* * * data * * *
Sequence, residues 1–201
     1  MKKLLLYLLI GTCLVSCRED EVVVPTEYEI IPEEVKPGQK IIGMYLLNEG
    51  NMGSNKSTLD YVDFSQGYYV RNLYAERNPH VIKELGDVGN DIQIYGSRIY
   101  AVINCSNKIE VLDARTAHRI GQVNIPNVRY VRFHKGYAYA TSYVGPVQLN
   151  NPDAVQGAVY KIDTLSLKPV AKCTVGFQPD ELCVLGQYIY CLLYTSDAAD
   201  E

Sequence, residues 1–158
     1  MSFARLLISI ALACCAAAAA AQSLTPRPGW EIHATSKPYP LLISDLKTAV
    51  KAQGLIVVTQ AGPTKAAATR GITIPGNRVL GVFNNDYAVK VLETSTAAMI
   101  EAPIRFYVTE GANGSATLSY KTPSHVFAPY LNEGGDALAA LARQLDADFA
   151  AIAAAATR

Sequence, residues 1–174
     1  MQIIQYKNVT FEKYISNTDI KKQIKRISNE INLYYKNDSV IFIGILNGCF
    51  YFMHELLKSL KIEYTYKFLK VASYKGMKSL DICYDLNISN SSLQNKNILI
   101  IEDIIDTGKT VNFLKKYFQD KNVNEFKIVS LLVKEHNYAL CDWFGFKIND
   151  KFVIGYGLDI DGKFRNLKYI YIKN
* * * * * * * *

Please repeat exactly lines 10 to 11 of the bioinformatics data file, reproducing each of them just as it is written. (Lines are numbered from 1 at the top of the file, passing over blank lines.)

   101  EAPIRFYVTE GANGSATLSY KTPSHVFAPY LNEGGDALAA LARQLDADFA
   151  AIAAAATR